- Aug 2020
Ophir, Yaakov, and Yaffa Shir Raz. ‘Manipulations and Spins in Attention Disorders Research: The Case of ADHD and COVID-19’. Preprint. PsyArXiv, 20 August 2020. https://doi.org/10.31234/osf.io/dmu4j.
- bogus results
- attention disorders
- healthy scientific scepticism
- pharmaceutical industry
- in-depth inspection
- attention disorders research
- stimulants reduce risk
- adverse effects of medication
- poor methodologies
- raise awareness
- inappropriate operational definitions
- increased risk of infection
- Oct 2019
the first female Wiggle, Emma Watkins
Wow, that's a very big influential name in showbiz there. When others in Fairfax regurgitated this story, they regurgitated her quotes on the Queen Quest's value.
You may have missed that, but here's what niche womens issue publication 'Womens Agenda' said in its article titled 'This councillor wanted to debate beauty pageants. They called him a wanker' - here's the relevant section:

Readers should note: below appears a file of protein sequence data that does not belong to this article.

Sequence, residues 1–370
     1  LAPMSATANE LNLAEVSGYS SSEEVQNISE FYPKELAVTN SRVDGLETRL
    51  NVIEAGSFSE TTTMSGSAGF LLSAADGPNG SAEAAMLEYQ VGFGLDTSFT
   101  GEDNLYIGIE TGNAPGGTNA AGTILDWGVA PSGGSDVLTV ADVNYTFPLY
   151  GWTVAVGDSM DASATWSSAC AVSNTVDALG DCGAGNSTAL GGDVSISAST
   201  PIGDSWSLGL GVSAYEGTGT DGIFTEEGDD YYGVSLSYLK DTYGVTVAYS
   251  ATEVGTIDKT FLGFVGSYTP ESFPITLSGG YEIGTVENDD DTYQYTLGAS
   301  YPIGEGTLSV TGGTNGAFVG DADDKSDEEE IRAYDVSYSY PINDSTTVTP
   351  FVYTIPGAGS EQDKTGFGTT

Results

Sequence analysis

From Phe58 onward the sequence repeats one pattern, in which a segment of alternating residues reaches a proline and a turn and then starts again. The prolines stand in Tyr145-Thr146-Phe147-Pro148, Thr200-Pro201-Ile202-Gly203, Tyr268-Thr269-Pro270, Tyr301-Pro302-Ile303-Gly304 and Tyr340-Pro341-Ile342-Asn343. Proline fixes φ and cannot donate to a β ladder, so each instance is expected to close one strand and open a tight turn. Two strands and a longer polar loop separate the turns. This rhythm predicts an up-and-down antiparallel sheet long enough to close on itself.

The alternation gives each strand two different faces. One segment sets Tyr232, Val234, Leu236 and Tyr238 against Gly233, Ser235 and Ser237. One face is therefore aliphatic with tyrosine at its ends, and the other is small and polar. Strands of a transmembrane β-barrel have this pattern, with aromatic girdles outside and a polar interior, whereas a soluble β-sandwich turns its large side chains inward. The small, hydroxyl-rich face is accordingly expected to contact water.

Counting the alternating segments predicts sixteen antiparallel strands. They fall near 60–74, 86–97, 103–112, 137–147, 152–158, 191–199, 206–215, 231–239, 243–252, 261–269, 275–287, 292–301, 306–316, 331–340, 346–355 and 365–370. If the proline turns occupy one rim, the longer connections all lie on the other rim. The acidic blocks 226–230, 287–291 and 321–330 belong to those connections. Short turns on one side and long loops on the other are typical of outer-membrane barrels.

*But can these pageants actually be a positive platform to build a career?
Emma Watkins, also known as the Yellow Wiggle, thinks so. Ryde City Council has run these pageants for 30 years and several famous names have emerged as prior festival queens, with Watkins being one who won not one but 2 pageants, in both 2005 and 2009.
Watkins said that winning is more focused on community involvement than beauty.
“As a little girl I just aspired to be a Granny Smith Festival Queen,” said Watkins, now age 25. “[Judging is] definitely all about contestants’ involvement in the community.
Watkins says that the pageant improved her self-confidence, instead of the popular belief that it is harmful for young girls self esteem: “Winning improved my confidence and pubic speaking and self-esteem in the middle of those teenage years.”
- That article even got the basic context right: * "Simon proposed the motion to debate the Council’s support for beauty pageants after reading – week after week – stories in the local paper about the competitions.........
"It wasn’t the debate he got."*